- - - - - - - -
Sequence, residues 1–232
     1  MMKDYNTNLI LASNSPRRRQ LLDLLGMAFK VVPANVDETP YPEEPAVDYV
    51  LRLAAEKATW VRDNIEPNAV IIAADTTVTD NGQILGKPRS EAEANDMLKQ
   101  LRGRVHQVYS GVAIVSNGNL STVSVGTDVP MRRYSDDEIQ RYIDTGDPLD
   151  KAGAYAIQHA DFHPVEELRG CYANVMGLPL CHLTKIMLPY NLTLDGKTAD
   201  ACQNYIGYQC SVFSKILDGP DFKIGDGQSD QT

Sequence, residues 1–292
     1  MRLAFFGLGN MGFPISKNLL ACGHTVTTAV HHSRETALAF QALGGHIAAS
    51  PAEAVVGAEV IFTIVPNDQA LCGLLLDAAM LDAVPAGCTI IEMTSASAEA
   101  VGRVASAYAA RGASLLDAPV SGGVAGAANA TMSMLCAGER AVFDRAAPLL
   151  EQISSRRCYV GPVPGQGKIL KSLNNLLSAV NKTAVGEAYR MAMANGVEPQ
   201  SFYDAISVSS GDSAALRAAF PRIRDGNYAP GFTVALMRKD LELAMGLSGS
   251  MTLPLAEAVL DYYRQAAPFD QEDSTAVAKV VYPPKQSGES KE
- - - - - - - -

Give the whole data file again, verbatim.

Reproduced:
Sequence, residues 1–232
     1  MMKDYNTNLI LASNSPRRRQ LLDLLGMAFK VVPANVDETP YPEEPAVDYV
    51  LRLAAEKATW VRDNIEPNAV IIAADTTVTD NGQILGKPRS EAEANDMLKQ
   101  LRGRVHQVYS GVAIVSNGNL STVSVGTDVP MRRYSDDEIQ RYIDTGDPLD
   151  KAGAYAIQHA DFHPVEELRG CYANVMGLPL CHLTKIMLPY NLTLDGKTAD
   201  ACQNYIGYQC SVFSKILDGP DFKIGDGQSD QT

Sequence, residues 1–292
     1  MRLAFFGLGN MGFPISKNLL ACGHTVTTAV HHSRETALAF QALGGHIAAS
    51  PAEAVVGAEV IFTIVPNDQA LCGLLLDAAM LDAVPAGCTI IEMTSASAEA
   101  VGRVASAYAA RGASLLDAPV SGGVAGAANA TMSMLCAGER AVFDRAAPLL
   151  EQISSRRCYV GPVPGQGKIL KSLNNLLSAV NKTAVGEAYR MAMANGVEPQ
   201  SFYDAISVSS GDSAALRAAF PRIRDGNYAP GFTVALMRKD LELAMGLSGS
   251  MTLPLAEAVL DYYRQAAPFD QEDSTAVAKV VYPPKQSGES KE